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Multiple Tuning

Author: Edmund A. Laport

The most extreme conditions of low radiation resistance and high reactance are encountered at the lowest frequencies, and some extreme measures are necessary to obtain acceptable radiation efficiencies. The antenna represents a very great investment in structures and rigging, usually many times the cost of the associated transmitting equipment.

The most successful method of improving the radiation efficiency is that of multiple tuning. The antenna consists of a large elevated capacitance area with two or more down leads that are tuned individually as indicated in Fig. 1.7. The total antenna current is thus divided equally among the down leads, each of which has its own ground system.

The down-lead currents are in phase, and because of their electrically small separation there is no observable effect on the radiation pattern, which is always nearly circular. Power is fed into the system through one of the down leads.

When arranged for multiple tuning, an antenna behaves as a number of smaller antennas in parallel, voltage being fed through the flat-top system. Thus, a system with triple tuning is essentially three antennas in parallel, one of which is fed directly by coupling to the transmitter and the other two at high potential (voltage feed) through their common flat-top.

FIG. 1.7. Principle of multiple tuning.

From a radiation standpoint, the same effect would be realized if the different portions of the antenna were not physically connected through their common flat-top but instead were separately fed from a common transmitter and feeder system in the manner of a directive antenna. Practically it is simpler to take advantage of the fact that almost all antennas for the lowest radio frequencies must of necessity employ flat-tops for capacitive loading and merely to add the extra down leads for multiple tuning. In this way, there is only one feed point, and the problems of power division, phasing, and impedance matching are automatically minimized.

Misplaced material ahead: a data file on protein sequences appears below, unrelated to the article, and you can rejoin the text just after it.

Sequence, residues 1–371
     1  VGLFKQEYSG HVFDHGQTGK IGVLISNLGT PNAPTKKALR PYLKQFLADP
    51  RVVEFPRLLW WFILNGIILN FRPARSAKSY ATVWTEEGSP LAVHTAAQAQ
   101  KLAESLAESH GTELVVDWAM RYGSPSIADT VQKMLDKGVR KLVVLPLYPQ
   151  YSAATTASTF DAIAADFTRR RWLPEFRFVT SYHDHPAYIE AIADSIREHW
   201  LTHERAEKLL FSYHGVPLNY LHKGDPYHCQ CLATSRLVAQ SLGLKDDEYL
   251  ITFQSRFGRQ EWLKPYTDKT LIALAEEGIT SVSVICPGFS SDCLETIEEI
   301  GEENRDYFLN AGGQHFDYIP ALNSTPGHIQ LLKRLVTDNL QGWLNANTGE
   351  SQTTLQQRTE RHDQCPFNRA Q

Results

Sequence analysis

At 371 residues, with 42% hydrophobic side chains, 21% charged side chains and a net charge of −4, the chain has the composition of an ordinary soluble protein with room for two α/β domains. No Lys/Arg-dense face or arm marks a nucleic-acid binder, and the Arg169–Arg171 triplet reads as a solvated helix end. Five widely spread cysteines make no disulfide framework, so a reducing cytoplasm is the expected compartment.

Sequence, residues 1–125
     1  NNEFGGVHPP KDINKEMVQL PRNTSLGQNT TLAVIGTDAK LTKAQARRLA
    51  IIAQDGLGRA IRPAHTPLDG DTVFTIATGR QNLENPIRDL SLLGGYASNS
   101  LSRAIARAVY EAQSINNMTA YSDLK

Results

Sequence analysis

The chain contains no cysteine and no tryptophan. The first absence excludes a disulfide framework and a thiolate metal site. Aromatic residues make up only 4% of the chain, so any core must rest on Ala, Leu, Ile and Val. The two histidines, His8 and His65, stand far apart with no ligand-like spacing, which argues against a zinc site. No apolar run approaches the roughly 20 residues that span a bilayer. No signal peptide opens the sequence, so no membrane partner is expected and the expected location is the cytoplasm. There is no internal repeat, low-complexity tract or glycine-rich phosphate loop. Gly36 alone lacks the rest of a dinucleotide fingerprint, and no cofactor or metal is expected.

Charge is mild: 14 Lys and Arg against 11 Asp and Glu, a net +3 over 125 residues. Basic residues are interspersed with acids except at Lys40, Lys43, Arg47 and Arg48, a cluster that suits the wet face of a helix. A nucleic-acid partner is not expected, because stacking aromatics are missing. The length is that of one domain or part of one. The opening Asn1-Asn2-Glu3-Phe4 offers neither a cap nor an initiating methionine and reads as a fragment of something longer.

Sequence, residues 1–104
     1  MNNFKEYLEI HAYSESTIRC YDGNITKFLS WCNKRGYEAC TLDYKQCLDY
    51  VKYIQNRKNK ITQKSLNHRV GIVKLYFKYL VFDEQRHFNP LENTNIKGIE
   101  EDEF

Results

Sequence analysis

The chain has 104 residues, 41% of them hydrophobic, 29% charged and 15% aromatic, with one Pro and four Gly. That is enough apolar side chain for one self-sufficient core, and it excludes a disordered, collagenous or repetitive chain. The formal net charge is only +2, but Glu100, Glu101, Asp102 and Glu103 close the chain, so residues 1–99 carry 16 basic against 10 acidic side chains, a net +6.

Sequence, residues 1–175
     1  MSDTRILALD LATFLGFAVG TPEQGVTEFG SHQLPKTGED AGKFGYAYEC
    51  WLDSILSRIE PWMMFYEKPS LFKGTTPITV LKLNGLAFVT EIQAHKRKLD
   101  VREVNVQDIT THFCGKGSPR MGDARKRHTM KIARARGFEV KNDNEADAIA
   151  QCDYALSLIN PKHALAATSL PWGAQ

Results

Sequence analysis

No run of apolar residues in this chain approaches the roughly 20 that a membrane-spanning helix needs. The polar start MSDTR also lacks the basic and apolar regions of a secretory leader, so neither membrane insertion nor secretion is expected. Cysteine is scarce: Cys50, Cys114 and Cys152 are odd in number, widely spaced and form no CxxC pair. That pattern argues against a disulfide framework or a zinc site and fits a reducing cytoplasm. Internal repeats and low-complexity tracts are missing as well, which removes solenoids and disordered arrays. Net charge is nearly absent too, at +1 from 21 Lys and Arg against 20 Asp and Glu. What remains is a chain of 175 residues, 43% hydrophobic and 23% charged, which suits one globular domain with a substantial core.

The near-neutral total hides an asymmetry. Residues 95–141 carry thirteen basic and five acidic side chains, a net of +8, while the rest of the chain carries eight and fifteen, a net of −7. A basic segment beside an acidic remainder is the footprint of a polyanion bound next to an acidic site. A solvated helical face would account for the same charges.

A simplified explanation of the manner in which multiple tuning increases the radiation resistance as seen from the power feed point is the following: Assume a certain antenna system which, on the basis of ordinary single tuning, has a radiation resistance of 0.04 ohm but has a total resistance of 0.90 ohm as measured at the feed point. For a power input of 100 kilowatts, the antenna current with single tuning would therefore be 333 amperes. If now this same system is multiple-tuned, using three down leads with idential ground systems for each down lead, the current of 333 amperes is divided approximately equally among them, giving 111 amperes per down lead. At the one fed by the transmitter, 100 kilowatts input now produces a current in that down lead of 111 amperes. From this it is reckoned that the total antenna resistance at that point is about nine times its original value, or some 8.1 ohms. If the radiation efficiency were not changed, the radiation resistance at this point would be transformed to 0.36 ohm. However, the radiation efficiency is improved over that of single tuning by virtue of the decreased total ground resistance resulting from reductions in the density of ground currents of each collecting point. Thus the ratio of radiation resistance to total resistance is effectively increased by multiple tuning.

If N represents the number of multiple-tuning down leads carrying equal currents, the new radiation resistance Rττ is related to that for single tuning Rτ by the equation


The total antenna resistance with multiple tuning Rττ is, in general, less than RtN2, and from this Rττ/Rtt > Rτ/Rt.

In addition to improving the radiation efficiency, multiple tuning also provides a more convenient input impedance at the feed point and increases bandwidth.

The full explanation of multiple tuning is much more complex than indicated here, where only the basic principle is explained. Some of the modifying factors are as follows: The effective capacitance of the flat-top is divided among the down leads so that each requires a larger tuning inductance than in the case of single tuning. The resistances of these tuning inductances are in series with the radiation resistance of each down lead, as are the conductor and insulation resistance components of loss, and these are also transferred to the feed point through the factor N2. For the same coil Q, the larger inductance required for multiple tuning introduces a proportionately larger resistance per coil. However, the total loss in the inductances with multiple tuning is also less than in the case of single tuning, assuming equal Q's for all the inductances.

Multiple tuning is best adapted to operation on a single frequency. Where it is necessary to tune the antenna to several operating frequencies from time to time, single tuning is the most convenient.

Last Update: 2011-03-19